Kohli appears to love not only the movie songs of a bygone era, but the moviemaking style of a bygone era – and I’m not just referring to the fact that a man and a woman sleep together after getting wet in the rain, and this one night of passion results in a child. When Rehaan pulls Zooni away from her friends, she comments on his impudence, “Aisi gustakhi sirf tum hi kar sakté ho.â€? Do Kashmiris still talk like this, as if they’ve stepped out of Muslim socials like Chaudhvin Ka Chand and Mere Mehboob? I don’t know, but the language sounds wonderful when the courtship between Rehaan and Zooni is conducted almost entirely through verse. Some of the shayari may come across as corny in today’s multiplex context, but how can you not love a love scene that has the hero declaring, “Aag sooraj mein hoti hai, jalna zameen ko padta hai/mohabbat nigaahen karti hain, tadapna dil ko padta hai!â€?

With all this, the first hour is almost its own little Shammi Kapoor movie, the story of a girl finding happiness and love with a roguish charmer. Aamir and the lovely Kajol strike the right sparks, the banter is perfect – especially during a bus ride; VJ Shruti makes a delightfully spunky debut as Zooni’s friend – and you realise this is classic heart-over-head filmmaking. You should really be asking: “Would a blind girl go off alone with a tourist guide, that too in a strange city?â€? But instead you’re wondering why he’s so startled at the vehemence of his reaction when she wanders off into oncoming traffic; he’s surprised that he feels so much for her, but that’s a surprise only to him, not to us. And when this love story culminates in their deciding to stay back in Delhi – he’s from there; she’s visiting – the movie could have ended right then.

But it doesn’t, and we enter a very problematic second half. (I’m going to discuss this now, so if you don’t want MAJOR SPOILERS, please skip to the last paragraph.) There’s a moment in the love story that points to how the other story is going to develop; that’s after Zooni and Rehaan make love. She falls into a contented sleep, while he lies wide awake – which is classic shorthand for untroubled soul versus troubled soul. And in what way he’s a troubled soul constitutes the Big Reveal, just minutes before the interval. He’s a terrorist – and that’s when you see this is essentially a gender-bender variation on Dil Sé. For here, it’s a male terrorist resisting the female soulmate’s attempts to humanise him. (Even the timing of the Big Reveal is similar, and I hope that after Fanaa, audiences will have a renewed appreciation for Mani Ratnam’s movie, and also for Vidhu Vinod Chopra’s Mission: Kashmir, both of which were commercial films that tackled the individual face of terrorism far more successfully.)

So now we get to talking about nuclear missiles and the conflict in Kashmir, and it’s all so embarrassingly shallow, you can’t help wanting to sneak back to the other movie, the love story in the first half. There are no real surprises. (I mean, the first time we see Kajol is in a shot of her saluting the tricolour, so how much of a stretch is what she does at the end?) Instead, we’re stuck with laughable coincidences – just wait till you see Zooni’s last glimpse of her father (Rishi Kapoor, fine in a Rishi Kapoor role) – and laughable bits of symbolism. (When Rehaan crosses the room to retrieve something important, he steps over his son’s toys. You see? His family stands between him and his mission!) And the most bizarre development is a scene that appears a twisted variation on Chaplin’s City Lights, with Rehaan sponsoring Zooni’s eye surgery; there the benefactor was a tramp, here he’s a terrorist.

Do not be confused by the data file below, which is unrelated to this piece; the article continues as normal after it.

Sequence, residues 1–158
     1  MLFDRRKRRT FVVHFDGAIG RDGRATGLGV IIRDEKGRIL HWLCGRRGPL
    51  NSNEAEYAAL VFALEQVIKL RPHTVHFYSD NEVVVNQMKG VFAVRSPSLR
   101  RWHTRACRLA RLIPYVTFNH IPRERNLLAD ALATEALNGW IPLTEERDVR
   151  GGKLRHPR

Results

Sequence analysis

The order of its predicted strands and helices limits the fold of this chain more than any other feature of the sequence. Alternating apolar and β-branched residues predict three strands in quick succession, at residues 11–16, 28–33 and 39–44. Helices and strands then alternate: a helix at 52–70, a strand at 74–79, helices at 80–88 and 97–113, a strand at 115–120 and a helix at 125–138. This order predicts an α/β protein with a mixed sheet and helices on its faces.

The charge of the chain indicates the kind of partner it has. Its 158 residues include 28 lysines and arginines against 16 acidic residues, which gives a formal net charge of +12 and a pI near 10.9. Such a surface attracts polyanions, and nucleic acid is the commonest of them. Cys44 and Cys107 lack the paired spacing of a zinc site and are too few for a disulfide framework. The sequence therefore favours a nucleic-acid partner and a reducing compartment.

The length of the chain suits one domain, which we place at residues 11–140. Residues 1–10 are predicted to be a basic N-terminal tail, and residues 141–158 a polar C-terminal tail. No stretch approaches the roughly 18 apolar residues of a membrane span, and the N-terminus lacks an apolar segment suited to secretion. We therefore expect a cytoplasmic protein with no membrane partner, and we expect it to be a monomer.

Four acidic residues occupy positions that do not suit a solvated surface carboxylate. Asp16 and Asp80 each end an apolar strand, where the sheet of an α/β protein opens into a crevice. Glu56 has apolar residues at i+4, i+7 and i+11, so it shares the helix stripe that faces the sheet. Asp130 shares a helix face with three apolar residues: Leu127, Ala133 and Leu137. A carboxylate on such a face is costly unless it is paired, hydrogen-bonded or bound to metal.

Why did Rehaan have to do this when her parents seem perfectly capable of affording such a procedure? For that matter, why does Rehaan use his real name in an undercover operation? Why did Tabu sign on for the supremely silly role of a member of the Anti Terrorist Group out to nab Rehaan? Why does this film, when it needs to become edgier and bleaker and tighter, begin having extended, warm-fuzzy family scenarios – songs, dances, tears, laughter, the works? Isn’t it enough that Ravi K Chandran’s superb cinematography has already laid out the essence of Rehaan’s family-versus-fratricide dilemma, with the warm, earthy colours of the inside of Rehaan and Zooni’s home making for a loaded contrast against the bleak, inhospitable whites of the Kashmiri winter outside?

You don’t question a film that’s entirely make-believe, but Fanaa wants both the guarantee of the box office and the gratification of tackling a subject seemingly unconcerned with the box office. And that’s why the Yash Chopra production this most resembles is Lamhé, a movie that, for all the good acting and good moments, ended up a major compromise because the makers chose to adapt a theme alien to their sensibilities rather than sticking to a theme that readily lent itself to their sensibilities. I am all for glossy romance amidst golden-yellow mustard fields, but this dark story needed a darker vision.

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Vikram Bhatt takes a grave look at a failing marriage in a mediocre drama that needed much better actors